ArmInfo. Today's inflation in Armenia is nothing more than a litmus test, indicating that the economic policy being conducted in Armenia is ineffective, and needs radical changes. The economist, chairman of the Union of Industrialists and Manufacturers of the RA Vazgen Safaryan expressed such an opinion during the press conference on January 22.
According to the expert, the liberal-market model of economic development has not justified itself, so Safaryan considers it expedient to make the transition to the planned-market format of economic development, which is successfully implemented in China. "China now ranks 2nd in the world in terms of GDP - about $ 11 trillion, while GDP per capita in five years increased 2.6 times. We should follow such successful examples," he stated.
Returning to the issue of tangible price increases in Armenia, Safaryan noted the expediency of stimulating domestic production. "First of all, it is necessary to reduce dependence on imported products, in particular, oil and meat, which occupies a significant share in imports," he said, responding to a question from ArmInfo. Today, he said, there are about 160,000 farms in Armenia, with an average of 3 units of cattle on average. "Producers, guided by high demand, in particular, coming from Iran increase the export of meat. And considering the inflation trends, in the general consumer basket we need to provide up to 50% of dairy products of domestic production," he said. According to Safaryan, in this case it will be expedient to suspend exports. In particular, the expert noted the need to create agricultural cooperatives in the context of public-private partnership, which in future the state is obliged to support the development of production, and in the future also in marketing.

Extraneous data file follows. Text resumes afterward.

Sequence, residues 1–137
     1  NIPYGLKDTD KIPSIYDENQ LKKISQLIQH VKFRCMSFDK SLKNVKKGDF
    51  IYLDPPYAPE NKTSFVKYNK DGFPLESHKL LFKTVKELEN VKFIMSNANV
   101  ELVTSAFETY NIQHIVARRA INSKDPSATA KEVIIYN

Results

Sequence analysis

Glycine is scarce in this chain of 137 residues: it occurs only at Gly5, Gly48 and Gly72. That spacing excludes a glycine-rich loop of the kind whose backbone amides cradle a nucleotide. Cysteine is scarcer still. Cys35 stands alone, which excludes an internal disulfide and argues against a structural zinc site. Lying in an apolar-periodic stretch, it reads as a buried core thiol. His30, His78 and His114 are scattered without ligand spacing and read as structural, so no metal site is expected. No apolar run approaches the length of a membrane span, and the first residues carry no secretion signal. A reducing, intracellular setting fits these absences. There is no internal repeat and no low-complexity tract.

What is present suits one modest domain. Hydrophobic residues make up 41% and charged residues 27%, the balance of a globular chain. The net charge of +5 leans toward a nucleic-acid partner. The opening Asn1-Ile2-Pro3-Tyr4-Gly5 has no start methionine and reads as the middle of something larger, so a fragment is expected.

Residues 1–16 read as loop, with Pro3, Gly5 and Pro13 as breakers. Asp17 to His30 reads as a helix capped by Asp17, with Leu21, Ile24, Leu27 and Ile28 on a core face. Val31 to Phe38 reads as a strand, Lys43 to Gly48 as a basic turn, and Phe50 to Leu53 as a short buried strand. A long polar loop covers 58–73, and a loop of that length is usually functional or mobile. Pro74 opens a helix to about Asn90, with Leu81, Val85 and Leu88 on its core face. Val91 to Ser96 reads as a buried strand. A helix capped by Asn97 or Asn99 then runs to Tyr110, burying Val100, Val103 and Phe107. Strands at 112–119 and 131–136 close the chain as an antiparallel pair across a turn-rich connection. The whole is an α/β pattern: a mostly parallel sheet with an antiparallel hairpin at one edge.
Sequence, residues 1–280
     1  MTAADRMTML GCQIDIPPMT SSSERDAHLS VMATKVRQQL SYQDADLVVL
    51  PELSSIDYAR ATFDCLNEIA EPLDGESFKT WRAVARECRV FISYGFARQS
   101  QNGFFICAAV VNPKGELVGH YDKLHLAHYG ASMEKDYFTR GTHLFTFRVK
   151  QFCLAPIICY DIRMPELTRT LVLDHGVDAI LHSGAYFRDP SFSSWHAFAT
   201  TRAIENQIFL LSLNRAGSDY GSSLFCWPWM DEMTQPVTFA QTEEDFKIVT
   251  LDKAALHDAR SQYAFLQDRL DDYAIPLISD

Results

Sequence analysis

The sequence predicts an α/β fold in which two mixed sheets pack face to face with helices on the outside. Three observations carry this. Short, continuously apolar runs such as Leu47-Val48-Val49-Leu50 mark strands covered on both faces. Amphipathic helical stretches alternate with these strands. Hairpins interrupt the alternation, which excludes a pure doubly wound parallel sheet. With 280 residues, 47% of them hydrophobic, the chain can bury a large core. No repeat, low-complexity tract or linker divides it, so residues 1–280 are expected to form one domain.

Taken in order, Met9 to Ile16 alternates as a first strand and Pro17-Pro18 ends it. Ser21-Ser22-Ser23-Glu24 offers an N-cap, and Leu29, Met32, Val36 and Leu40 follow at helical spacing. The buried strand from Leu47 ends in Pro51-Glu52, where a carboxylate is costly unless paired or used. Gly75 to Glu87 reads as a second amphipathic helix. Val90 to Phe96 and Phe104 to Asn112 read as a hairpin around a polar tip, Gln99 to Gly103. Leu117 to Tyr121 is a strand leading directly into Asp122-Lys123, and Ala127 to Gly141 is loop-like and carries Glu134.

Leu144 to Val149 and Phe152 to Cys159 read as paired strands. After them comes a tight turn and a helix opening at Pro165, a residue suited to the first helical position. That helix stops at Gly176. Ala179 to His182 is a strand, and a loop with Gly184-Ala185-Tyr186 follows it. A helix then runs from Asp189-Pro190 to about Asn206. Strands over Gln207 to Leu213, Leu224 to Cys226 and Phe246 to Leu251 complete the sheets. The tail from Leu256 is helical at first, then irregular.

According to the National Statistical Service of Armenia, for the consumer market of Armenia in 2017 was inflationary - 2.6%, after two years of deflation - 1.1% in 2016 and 0.1% in 2015. This was mostly caused by an increase in prices of food products (including alcohol and cigarettes) by 5.3% and non-food products by 1.7%, while tariffs for services decreased by 0.5%. The average monthly increase in consumer prices in January-December 2017 was 0.2%, against a decline of 0.1% a year earlier. In January 2018, due to the increase in excise duties as part of the adoption of the new Tax Code, prices for liquefied gas, motor fuel and some essential products have risen significantly in the country.